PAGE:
• Cesar Abeid interviews Patrick Snow on growing a passion into business, while keeping your day job. Just 36 minutes, safe for work.
  • Michel Dion adds his comments to that new slice-of-death video, “The Expert.” Less than seven minutes, safe for work, and more depressing than a week’s worth of Dilbert.

Enjoy!

New PM Articles for the Week of March 31 – April 6

Cartoon NewsboyNew project management articles published on the web during the week of March 31 – April 6. We read all of this stuff so you don’t have to! And Elizabeth Harrin was kind enough to give me a guest spot on her blog, PM4Girls – thanks, Mum! Also recommended:

PM Best Practices

  • Glen Alleman explores the clever phrase, “Do it right or do it twice.”
  • Gary Nelson notes that there is an appropriate window of opportunity for change. After that, everything gets expensive or impossible.
  • Bruce Benson sings the praises of arguments, disputes, and debates.
  • Barry Hodge argues that Nozbe is the best “to do” list app for project managers, and gives five excellent reasons. I’m still not ditching Trello, though …
  • Dick Billows notes the advantages of using a software-based project scheduling tool, and shoots down the arguments against it.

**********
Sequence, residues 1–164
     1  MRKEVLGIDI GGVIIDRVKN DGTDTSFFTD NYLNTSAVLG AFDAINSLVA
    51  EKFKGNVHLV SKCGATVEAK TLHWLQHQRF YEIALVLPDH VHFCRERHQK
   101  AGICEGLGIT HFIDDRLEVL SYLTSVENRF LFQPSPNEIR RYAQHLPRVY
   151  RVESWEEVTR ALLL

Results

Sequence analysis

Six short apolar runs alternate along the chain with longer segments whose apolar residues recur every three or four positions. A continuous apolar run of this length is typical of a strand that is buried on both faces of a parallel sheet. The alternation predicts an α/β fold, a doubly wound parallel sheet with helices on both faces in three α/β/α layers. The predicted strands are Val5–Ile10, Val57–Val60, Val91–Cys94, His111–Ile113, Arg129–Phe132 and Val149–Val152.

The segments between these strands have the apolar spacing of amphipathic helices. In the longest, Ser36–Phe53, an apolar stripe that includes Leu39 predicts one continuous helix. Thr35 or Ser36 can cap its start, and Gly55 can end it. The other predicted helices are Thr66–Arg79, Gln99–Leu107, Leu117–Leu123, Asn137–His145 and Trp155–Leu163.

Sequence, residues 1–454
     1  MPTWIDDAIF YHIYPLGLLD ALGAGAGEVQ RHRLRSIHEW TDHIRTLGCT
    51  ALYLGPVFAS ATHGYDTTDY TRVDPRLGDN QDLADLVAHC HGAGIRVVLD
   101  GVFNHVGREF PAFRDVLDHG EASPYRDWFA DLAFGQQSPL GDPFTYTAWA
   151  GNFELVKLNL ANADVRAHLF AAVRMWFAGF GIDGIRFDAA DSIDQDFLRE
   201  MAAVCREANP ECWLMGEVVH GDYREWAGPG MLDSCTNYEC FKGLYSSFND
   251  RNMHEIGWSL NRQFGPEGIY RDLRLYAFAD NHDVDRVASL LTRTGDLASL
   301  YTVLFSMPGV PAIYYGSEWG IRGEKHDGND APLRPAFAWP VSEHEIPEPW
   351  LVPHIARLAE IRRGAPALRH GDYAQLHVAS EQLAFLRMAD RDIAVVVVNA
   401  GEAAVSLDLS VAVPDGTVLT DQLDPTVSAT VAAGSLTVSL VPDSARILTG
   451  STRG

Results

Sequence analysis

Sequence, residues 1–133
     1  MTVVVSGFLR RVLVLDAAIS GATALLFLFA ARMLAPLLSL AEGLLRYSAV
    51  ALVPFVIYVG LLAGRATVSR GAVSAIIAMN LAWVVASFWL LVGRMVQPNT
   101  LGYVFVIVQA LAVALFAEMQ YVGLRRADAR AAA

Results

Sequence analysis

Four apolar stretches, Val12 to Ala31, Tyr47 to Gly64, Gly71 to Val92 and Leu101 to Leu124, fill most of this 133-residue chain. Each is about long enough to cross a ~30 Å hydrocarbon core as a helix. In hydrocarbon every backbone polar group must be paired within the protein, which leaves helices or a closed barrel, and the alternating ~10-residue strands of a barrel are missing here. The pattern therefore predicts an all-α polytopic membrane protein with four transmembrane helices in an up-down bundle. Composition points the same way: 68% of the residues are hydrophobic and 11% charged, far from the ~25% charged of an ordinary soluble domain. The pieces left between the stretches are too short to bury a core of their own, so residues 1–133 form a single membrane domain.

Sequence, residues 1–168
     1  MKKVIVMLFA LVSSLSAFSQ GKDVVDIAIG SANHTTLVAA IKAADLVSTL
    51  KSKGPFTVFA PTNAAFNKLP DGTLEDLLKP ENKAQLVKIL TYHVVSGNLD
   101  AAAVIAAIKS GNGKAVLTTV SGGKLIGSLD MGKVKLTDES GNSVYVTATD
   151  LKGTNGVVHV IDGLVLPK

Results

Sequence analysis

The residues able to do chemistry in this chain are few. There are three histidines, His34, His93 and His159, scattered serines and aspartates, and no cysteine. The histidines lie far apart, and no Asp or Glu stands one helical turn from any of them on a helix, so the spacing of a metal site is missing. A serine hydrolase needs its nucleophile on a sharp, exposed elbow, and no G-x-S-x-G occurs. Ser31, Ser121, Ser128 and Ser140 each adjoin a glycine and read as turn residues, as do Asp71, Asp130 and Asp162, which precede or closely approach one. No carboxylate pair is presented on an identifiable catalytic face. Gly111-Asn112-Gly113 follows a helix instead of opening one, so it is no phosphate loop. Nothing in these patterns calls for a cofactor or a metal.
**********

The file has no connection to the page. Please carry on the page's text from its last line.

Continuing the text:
• Marian Haus recaps the three “traditional” techniques for overcoming project schedule constraints.
  • John Goodpasture shares a challenge question he puts to his risk management students, on how to assess the impact of a new technology, process, or vendor.
  • Tony Adams traces the link between the project charter and the engagement of the project sponsor.
  • Henny Portman links us to some great how-to videos for Excel – the project manager’s Swiss Army Knife.
  • Sue Geuens notes that incorrect data records can lead to some pretty serious consequences.

Agile Methods

  • Jeff Pierce addresses requirements gathering for those development projects with a lot of constraints.
  • Johanna Rothman continues her series on designing your own Agile project, with a look at dealing with the unknowns.
  • Cheri Baker looks into the post-success bounce, and why success is so often temporary.
  • Soma Bhattacharya talks about what to do once you’ve succeeded, and your Scrum team is successful, productive, and stable.
  • Dave Prior reflects on how he’s using (and benefiting from) his personal Kanban, as a follow-up to his interviews with Jim Benson.
  • Paulo Dias looks at the down side of starting a Sprint on a Monday.

Strategy and Governance

  • Martin Webster asks an interesting question: “Does strategy emerge or is it planned?”
  • Elizabeth Harrin reviews Georg Vielmetter and Yvonne Sell’s new book, “Leadership 2030: The Six Megatrends You Need to Understand to Lead Your Company into the Future .”
  • Michael Wood notes that the maxim “simpler is better” also applies to project portfolio management.

Your Career

  • Dennis McCafferty shares a slide deck that shows compensation and career prospects for experience project managers are looking very good, indeed.
  • Linky van der Merwe links us to a few resources for project managers looking to make a career move.
  • Michel Dion provides some tips for those preparing for a job interview.

Enjoy!